June Activities include "Living Off the Land" lecture
Before grocery stores and shopping malls, people depended on the land to satisfy their daily needs. Connecting to nature remains an important part of American Indian history and culture, and the topic will be explored in-depth during the upcoming lecture, “The American Indian Way of Life: Living off the Land and Using Mother Nature’s Gifts to Survive,” noon-2 p.m., Saturday, June 21 at the Mid-America All-Indian Center. The program will be presented by Jason M. Felihkatubbe, grant writer and program development specialist for the Kaw Nation of Oklahoma. It is free and open to the public. The Indian Center is located at 650 N. Seneca.
Art is another important part of American Indian culture. Throughout the month of June, classes in traditional arts will be led by American Indian artists and elders. Classes, which are open to Indian Center members and the general public, take place at the Indian Center. To enroll, contact Education Coordinator Crystal Flannery-Bachicha by phone at (316) 350-3345 or e-mail at email@example.com.
- Beginning Clay Class – June 14, 10 a.m.-noon.
- Local artist Sheila Bazil will lead students through the process of working with water-based clay to create a buffalo sculpture of their very own.
- The class is $10 for Indian Center members and $20 for general public.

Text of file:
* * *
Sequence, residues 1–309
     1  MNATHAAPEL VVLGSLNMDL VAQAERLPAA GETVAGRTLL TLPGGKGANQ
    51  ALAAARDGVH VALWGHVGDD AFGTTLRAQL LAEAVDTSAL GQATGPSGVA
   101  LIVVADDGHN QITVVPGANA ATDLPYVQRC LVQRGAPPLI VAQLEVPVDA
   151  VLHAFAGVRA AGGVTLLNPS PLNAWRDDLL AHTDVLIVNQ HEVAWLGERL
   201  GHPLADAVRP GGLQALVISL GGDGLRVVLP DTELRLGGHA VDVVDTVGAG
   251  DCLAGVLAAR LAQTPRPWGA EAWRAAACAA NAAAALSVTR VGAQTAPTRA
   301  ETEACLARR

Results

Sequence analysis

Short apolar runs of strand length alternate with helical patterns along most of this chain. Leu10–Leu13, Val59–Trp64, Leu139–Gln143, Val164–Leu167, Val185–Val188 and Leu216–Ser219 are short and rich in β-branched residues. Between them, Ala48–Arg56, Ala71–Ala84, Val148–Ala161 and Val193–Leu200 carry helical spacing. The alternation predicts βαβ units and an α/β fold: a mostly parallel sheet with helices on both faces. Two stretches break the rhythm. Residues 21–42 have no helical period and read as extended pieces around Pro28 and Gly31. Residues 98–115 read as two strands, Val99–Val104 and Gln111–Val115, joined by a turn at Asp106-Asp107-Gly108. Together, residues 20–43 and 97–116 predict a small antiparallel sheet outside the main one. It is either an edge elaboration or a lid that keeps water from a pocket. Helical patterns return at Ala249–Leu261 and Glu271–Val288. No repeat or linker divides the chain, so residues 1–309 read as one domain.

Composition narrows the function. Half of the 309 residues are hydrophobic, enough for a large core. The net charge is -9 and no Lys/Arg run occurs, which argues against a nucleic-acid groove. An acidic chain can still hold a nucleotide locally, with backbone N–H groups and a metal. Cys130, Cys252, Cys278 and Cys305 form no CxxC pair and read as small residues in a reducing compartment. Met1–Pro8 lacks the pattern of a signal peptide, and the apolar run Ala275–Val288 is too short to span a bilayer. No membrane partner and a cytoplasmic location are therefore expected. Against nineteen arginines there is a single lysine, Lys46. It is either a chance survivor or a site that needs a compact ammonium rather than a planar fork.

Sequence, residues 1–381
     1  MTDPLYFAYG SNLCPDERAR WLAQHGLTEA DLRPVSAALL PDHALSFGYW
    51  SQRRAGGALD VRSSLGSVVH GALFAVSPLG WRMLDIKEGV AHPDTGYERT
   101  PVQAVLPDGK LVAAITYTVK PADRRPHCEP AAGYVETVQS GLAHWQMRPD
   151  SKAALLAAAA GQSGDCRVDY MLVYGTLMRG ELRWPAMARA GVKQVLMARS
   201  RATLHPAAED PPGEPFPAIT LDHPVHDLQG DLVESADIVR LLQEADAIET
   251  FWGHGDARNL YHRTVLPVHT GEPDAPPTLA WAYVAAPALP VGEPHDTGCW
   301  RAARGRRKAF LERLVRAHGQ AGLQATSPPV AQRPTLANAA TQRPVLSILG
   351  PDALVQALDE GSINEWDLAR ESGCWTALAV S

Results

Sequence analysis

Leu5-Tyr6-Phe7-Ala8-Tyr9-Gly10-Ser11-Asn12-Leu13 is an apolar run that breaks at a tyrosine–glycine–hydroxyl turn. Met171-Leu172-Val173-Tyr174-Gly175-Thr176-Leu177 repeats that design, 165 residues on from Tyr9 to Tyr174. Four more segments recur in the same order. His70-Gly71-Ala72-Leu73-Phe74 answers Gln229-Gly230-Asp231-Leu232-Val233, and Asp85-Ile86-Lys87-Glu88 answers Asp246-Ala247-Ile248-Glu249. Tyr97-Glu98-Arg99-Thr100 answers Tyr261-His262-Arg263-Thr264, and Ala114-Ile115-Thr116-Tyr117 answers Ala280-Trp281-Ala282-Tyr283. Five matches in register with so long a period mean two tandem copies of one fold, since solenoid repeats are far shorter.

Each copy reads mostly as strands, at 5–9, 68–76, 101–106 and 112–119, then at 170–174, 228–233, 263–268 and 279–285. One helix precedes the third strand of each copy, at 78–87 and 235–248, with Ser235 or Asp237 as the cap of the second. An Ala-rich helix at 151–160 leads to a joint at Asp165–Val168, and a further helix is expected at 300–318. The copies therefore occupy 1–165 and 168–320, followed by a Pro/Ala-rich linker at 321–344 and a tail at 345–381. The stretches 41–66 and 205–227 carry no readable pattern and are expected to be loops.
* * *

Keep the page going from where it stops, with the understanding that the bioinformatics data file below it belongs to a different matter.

- Beginning Shawl-Making Class – June 14, 1-3 p.m.
- Local artist and elder Sandra Hulsey will assist students as they create their own shawls or complete unfinished ones.
- Shawls are an essential element of dress for women who enter the powwow arena. They are a symbol of respect and tradition. Shawls are handmade with light fabric and adorned with fringe, fabric, paint or beading in a way that has meaning to the dancer. Some of the colors and patterns relate back to tribal traditions.
- The class is free for Indian Center members and $20 for general public.
- Beginning Finger Woven Belt Class – June 21, 10 a.m.-noon
- Local artist Betty McGarigle will explain the process creating a belt by finger weaving. Primarily used for belts and sashes, this technique has been passed down for centuries and is an important part of American Indian culture.
- The class is $10 for Indian Center members and $20 for the general public.